We invite all members to submit up to 500 words of text about you and your job, and a nice photo of yourself, ideally in a work setting. You can tell us why you got into the profession, what you’re most proud of in your career so far, why you’re a member of BSHAA and more.
We’d like to add a new member to the web page regularly, and also feature each one in BSHAA People. We need to make sure we represent the breadth of our membership in this feature, and by updating it regularly we hope to give all of our contributors a chance to appear, and to showcase the amazing work being done by BSHAA members up and down the country.
Please send your profile and photo to email@example.com
Over the 18 years spent at “The Ropewalk”, I worked my way up to Chief Audiologist. My role with the NHS was varied: I worked on the Tinnitus Clinic alongside the late world-renowned Professor Ross Coles;
I performed paediatric hearing testing on babies as young as 6 months old, I worked on the Vestibular Clinic (also fondly known as the “Dizzy Clinic”), carrying out diagnostic testing on patients with balance disorders and latterly I was responsible for running an audiology service for adults with learning difficulties (to this date an area of work I miss).
However the day-to day role of an NHS Audiologist is to fit hearing aids. Now, the NHS do a fantastic job, BUT when it comes to hearing aids, it is “one size fits all”. The NHS hearing aids are the standard “Behind-the-ear” model, fitted on either an ear mould or a “slim tube”. It is the same hearing aid for everyone, and the technology is always at least 3 generations behind what is available privately. I began to feel a little disheartened, I wasn’t able to give my patients the aftercare they needed, and in terms of hearing aids, it isn’t “one size fits all” so when it came to the success of an NHS-fitted aid, if the patient was not getting on very well, there was no other choice other than to go private.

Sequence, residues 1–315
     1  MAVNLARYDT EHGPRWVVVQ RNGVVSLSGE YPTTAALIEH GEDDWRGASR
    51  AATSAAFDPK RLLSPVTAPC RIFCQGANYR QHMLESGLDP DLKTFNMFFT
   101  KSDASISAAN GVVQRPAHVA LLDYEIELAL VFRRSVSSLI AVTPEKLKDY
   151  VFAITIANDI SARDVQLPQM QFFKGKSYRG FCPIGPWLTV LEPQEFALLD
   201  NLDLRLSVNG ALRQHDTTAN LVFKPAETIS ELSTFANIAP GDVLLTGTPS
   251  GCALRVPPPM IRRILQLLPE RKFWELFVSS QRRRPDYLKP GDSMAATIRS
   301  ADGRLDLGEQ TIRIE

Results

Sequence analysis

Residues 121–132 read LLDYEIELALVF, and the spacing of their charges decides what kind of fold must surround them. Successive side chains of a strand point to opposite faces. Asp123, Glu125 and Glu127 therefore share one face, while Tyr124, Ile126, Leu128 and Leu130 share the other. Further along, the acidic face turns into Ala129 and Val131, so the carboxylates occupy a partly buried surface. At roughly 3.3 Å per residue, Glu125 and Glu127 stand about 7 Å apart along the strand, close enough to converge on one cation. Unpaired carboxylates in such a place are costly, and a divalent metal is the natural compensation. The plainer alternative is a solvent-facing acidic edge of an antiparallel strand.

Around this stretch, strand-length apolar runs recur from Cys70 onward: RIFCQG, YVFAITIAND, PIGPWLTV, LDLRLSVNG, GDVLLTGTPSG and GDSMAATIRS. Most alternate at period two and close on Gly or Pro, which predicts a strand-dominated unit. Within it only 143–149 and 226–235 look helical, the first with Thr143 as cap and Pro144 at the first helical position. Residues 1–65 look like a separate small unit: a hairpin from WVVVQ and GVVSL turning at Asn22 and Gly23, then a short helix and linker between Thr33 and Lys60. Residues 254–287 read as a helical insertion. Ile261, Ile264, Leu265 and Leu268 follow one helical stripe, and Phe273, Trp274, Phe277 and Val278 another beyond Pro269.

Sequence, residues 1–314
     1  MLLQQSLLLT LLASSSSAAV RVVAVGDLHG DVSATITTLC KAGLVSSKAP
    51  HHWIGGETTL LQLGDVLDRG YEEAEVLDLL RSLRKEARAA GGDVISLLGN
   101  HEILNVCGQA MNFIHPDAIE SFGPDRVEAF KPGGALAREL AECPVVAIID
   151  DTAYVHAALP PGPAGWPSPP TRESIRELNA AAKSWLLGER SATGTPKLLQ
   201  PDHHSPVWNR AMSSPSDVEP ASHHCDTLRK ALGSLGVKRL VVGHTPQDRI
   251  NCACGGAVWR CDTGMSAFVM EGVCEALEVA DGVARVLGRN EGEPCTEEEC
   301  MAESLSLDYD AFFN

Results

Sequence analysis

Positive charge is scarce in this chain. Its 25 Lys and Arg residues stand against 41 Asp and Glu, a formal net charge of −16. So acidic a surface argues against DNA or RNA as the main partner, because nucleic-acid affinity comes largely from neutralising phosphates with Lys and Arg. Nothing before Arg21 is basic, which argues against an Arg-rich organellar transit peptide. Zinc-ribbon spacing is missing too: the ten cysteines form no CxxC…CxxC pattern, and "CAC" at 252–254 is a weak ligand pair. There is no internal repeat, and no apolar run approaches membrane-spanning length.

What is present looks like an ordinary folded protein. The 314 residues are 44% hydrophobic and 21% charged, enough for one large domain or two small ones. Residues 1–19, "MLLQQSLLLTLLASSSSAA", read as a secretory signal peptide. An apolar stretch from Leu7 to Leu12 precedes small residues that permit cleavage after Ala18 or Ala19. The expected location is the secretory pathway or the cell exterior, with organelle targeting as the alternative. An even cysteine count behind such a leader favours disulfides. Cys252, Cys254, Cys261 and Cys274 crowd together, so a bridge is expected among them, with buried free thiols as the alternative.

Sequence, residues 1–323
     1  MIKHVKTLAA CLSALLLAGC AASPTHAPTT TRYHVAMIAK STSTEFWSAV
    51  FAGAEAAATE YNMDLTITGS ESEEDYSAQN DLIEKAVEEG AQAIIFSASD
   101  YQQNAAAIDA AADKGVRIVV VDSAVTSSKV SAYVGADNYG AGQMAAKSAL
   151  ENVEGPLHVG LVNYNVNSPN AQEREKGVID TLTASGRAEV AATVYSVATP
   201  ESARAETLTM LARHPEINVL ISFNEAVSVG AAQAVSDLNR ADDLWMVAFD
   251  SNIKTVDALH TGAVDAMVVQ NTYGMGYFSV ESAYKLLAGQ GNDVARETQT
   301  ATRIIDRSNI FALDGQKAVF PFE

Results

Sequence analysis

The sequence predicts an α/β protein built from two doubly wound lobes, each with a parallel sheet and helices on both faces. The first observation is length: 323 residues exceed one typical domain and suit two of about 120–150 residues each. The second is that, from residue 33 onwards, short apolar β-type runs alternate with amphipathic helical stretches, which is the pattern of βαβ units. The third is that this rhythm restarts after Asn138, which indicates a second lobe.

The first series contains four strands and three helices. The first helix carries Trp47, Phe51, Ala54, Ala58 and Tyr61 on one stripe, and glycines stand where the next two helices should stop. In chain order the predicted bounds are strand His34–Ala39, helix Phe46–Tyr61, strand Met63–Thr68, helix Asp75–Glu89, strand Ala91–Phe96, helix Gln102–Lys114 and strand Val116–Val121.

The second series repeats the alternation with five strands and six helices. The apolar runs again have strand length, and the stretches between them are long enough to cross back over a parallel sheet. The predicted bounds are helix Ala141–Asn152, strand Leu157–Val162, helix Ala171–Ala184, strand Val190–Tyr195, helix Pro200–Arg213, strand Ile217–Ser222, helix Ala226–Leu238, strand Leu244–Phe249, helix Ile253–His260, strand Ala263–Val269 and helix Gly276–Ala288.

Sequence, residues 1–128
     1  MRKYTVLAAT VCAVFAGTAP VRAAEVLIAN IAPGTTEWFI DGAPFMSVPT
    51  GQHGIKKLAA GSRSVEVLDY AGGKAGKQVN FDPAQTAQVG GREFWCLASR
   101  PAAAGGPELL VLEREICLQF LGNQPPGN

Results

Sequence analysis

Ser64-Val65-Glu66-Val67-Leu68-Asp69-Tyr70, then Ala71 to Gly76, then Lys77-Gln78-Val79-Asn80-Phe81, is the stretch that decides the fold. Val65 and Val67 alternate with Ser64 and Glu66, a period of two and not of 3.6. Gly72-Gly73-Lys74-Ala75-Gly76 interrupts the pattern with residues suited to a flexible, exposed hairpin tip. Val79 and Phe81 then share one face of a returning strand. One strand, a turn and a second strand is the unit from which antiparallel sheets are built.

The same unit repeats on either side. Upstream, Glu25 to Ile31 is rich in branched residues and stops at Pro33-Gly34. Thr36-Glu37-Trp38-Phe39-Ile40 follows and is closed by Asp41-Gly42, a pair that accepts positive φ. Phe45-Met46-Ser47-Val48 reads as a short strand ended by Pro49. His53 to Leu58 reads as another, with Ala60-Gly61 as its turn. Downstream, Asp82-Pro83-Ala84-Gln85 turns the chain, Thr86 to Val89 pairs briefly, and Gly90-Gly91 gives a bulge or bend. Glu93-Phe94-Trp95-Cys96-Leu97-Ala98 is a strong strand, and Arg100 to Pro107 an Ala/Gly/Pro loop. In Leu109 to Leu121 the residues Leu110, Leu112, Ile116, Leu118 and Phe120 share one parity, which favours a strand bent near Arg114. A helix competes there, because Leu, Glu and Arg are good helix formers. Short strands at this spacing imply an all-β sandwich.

In 2005 I took myself back to college to sit my exams which enabled me to practice in a private capacity. Since then I have worked for 2 major High Street providers and gained experience in fitting the best hearing aid technology in the world. However in this environment we were increasingly pressured by the powers-that-be to hit sales targets and to get as many people through the door to test their hearing. Again, this is not how I want to work. My patients aren’t “targets”. My patients come to me because of my ability as an Audiologist.
To be able to work exactly how I want, having the ability to fit any manufacturer’s hearing aids, not just the ones we were tied into using and to be able to offer as much time and care for my patients, the only option was to set up independently.
As it so happened, Alan Jackson, with whom I have worked for over 10 years, was of the same mind-set. Alan is a fantastic Audiologist, he shares the same standards of care and works in a very similar manner to myself. We are always keen to help each other out and offer assistance on complex cases. In this profession you never stop learning and even after 30 years I always pick up new ideas from him. Put it this way, Alan is the only private Audiologist I would trust to look after my parents’ ears!
So, the Nottingham Hearing Practice was born out of this mutual desire to provide the best hearing care experience for all our patients.
Why are we any different to anyone else in Nottingham? Firstly because were are the most experienced…..we have over 45 years experience between us. Secondly we insist all our patients have free trials on their hearing aids first. With any other provider you have to pay up front for the aids, a not inconsiderable amount of money. You are assured a money-back guarantee if you’re not satisfied. However there will always be a little doubt in the back of someone’s mind
Being able to offer free trials on any make, model or style (and more than one if we need, though generally we get it right first time) takes away that fear, and builds a huge amount of trust between us and our patients.
We will spend as much time as needed in the early days of fitting and offer as many rehabilitation sessions as needed. Again, the fitting of the aids is the more straight-forward part, it’s the aftercare and counselling that is equally if not more important.
When you see either Alan or myself you can be assured of the highest level of care you could hope to receive.”
(Content submitted by, and the opinion of a member. Not representative of BSHAA)